This site is protected by reCAPTCHA and the Google
Terms of Service apply.
Shirley Qian, 28 Senior planner Capitol Corridor Joint Powers Authority
Nominator’s quote: “Shirley successfully applied for a planning grant and is implementing alternative plans for alignment and construction methodologies for future rail capacity expansion in the sensitive Alviso Wetlands. This process involves finding win-win solutions that restore tidal flow, species habitat and sea level rise resiliency along with rail capacity enhancements involving resources, wildlife and environmental advocacy partners.” — Jim Allison, Capitol Corridor Joint Powers Authority
Why did you go into railroading? I entered the rail industry unintentionally. I began as an intern conducting a sea level rise vulnerability assessment for the Capitol Corridor service, not knowing anything about passenger-rail systems and how they work. However, during the process of the assessment, I learned a lot about Capitol Corridor and all the different partnerships that support the passenger rail service, such as those with Amtrak and Union Pacific. The passenger rail industry is very unique in the larger transportation sector, and it’s been a pleasure to work in and discover more about a part of the world that most people don’t have a clue about.
Describe your education after high school. I studied environmental science and urban planning at Cornell University in Ithaca, New York.
How are you making a difference in the rail industry? By leading and engaging in issues that will prepare the passenger-rail industry for the future, such as sea level rise adaptation and more proactive technology procurement strategies. Sea level rise, and climate change in general, will have a long-term impact on rail services. Considering the long lead time needed to implement physical changes to the railroad infrastructure, we need to start planning and coordinating with other partners now. On the other hand, technology is a fast-moving industry, and the nature of changes in the rail industry is comparatively slower, so I’m exploring how different procurement methods and contracting formats can enable us to keep up with current technology proactively. I’m very fortunate to work at an agency that is known for thinking ahead and pushing the envelope, where creative thinking about service improvements are supported and prioritized.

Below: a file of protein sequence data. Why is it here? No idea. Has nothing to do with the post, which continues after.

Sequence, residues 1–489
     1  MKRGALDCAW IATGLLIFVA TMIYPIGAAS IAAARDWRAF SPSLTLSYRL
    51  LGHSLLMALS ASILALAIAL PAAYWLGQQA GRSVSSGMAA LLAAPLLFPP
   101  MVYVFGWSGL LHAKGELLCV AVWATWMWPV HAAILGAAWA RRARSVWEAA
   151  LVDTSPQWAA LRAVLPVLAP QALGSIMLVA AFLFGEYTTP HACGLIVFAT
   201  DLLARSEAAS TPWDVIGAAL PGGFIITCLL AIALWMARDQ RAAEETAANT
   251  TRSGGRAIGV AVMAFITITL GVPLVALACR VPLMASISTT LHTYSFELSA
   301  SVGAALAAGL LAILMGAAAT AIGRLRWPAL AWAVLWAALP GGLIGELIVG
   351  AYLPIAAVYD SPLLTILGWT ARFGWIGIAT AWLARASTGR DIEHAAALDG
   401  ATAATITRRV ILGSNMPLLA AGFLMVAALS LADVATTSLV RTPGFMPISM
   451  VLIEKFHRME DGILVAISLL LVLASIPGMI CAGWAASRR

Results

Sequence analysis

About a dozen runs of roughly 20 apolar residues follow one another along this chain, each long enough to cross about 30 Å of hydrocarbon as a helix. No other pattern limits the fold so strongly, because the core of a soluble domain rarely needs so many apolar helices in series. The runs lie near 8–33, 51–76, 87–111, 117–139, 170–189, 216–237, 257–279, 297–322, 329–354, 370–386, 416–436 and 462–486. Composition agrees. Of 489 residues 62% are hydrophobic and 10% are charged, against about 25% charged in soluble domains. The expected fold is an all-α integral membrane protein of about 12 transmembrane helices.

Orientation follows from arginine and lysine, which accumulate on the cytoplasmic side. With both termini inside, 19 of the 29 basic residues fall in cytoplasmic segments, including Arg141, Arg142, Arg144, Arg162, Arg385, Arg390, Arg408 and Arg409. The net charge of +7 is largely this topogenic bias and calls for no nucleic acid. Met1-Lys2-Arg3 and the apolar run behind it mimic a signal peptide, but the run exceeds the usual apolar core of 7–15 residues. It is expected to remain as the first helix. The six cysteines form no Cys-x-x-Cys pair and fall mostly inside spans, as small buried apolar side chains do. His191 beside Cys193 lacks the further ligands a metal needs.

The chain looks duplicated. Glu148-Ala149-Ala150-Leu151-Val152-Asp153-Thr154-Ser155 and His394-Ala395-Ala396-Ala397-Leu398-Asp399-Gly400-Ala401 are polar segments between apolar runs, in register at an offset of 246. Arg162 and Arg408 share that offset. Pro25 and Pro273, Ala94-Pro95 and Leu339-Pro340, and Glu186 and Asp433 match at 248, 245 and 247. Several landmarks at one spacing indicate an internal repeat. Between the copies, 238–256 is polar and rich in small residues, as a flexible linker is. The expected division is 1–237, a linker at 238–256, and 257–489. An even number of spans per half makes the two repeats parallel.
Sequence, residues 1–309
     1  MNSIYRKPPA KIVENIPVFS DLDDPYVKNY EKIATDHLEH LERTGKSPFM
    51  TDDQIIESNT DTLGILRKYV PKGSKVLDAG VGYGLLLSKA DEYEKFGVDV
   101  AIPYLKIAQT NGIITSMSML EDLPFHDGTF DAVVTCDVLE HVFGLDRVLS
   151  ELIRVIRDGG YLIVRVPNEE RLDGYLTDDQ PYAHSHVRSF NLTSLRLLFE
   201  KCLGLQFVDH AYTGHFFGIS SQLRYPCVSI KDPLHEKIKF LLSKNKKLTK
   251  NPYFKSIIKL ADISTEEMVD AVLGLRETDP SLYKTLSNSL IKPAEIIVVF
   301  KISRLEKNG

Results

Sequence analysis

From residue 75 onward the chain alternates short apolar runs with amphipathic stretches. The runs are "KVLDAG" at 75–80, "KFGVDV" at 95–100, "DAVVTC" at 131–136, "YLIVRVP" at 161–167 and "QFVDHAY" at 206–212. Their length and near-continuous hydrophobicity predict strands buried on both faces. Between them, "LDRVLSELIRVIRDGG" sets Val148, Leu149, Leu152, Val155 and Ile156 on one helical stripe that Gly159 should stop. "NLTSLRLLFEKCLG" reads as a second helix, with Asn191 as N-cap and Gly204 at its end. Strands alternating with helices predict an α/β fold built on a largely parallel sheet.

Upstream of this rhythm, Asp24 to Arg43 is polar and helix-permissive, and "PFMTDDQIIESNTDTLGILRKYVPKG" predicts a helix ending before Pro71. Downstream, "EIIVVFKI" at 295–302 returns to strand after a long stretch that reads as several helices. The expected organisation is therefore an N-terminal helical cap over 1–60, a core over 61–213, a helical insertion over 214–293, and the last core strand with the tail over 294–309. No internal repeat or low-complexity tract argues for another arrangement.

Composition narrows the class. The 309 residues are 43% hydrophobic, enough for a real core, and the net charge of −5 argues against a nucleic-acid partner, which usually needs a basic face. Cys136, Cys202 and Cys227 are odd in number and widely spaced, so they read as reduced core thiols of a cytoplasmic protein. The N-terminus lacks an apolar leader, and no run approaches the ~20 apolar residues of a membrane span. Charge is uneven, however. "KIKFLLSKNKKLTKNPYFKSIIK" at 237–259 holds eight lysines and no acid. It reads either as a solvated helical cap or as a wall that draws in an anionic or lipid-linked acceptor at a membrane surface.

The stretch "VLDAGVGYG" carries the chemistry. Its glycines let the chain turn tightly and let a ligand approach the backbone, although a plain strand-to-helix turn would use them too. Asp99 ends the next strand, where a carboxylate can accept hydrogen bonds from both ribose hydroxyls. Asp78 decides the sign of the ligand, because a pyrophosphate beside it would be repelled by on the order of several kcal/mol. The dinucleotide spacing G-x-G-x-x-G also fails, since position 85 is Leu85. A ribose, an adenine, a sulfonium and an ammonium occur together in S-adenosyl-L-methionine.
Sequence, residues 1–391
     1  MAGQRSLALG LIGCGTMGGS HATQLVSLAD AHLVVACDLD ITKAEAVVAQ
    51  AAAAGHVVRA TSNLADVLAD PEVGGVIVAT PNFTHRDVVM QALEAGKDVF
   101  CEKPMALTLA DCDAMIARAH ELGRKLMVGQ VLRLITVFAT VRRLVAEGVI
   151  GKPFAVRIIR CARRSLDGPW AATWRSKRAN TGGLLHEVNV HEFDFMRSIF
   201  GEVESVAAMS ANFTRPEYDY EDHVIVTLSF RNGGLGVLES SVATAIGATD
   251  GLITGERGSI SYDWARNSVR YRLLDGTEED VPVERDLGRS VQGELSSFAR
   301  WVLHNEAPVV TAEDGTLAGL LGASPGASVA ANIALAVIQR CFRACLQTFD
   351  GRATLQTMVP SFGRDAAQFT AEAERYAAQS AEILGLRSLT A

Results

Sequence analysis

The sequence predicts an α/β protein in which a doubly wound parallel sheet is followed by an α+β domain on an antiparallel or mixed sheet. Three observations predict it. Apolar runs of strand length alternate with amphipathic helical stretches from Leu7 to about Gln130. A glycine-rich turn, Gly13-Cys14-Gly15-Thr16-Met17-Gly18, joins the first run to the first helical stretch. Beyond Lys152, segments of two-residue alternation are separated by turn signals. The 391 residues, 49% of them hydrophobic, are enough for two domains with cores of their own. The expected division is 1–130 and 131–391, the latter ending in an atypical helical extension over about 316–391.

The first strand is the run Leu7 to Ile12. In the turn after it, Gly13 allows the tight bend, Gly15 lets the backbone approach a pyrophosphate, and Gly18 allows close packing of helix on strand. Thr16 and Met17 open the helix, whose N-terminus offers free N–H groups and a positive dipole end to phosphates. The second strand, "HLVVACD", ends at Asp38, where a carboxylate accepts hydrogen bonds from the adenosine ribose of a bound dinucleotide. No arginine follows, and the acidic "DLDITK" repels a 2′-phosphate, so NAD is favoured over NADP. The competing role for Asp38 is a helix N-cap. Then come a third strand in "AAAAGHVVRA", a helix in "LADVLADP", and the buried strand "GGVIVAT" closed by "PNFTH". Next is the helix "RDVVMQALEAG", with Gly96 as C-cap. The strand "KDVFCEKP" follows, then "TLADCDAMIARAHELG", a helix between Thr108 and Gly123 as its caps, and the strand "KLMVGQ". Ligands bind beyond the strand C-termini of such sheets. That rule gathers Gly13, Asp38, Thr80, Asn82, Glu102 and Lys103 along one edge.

What is an interesting fact about you? I was born in Shanghai and lived there for 10 years before moving to Houston. Most of my relatives are still in Shanghai, so I visit them every five years or so.
What was your very first job? I was a tutor at Kumon, an after-school math and reading program for young students.
What is your philosophy toward life and your career? Appreciate where you are and what you have, and do your part to make the world a better place for everyone and everything that lives in it.
What is your advice to new railroaders who want to advance their careers? Be proactive in learning new things and seek opportunities to participate in projects different than what you are used to doing. Understanding different aspects of the railroading business (operations, planning, engineering, finance, funding, marketing, etc.) will enable you to think holistically about your particular role and formulate strategies that address cross-sectional issues.
What will be the biggest trend to affect railroading over the next decade? The world is changing, from the climate to larger societal trends, and the railroad industry will need to prepare for those changes starting now. As impacts from climate change start to be felt in everyday operations in the next decade, I think we’ll start to see railroads be more active in planning changes, operationally and for capital projects, in response. Building and acquiring new talent to the industry will be important as well over the next decade, as the older generation of railroaders retires. There is opportunity to establish closer relationships with universities and internship programs to push the railroad industry to be more prominent in the younger generation’s minds.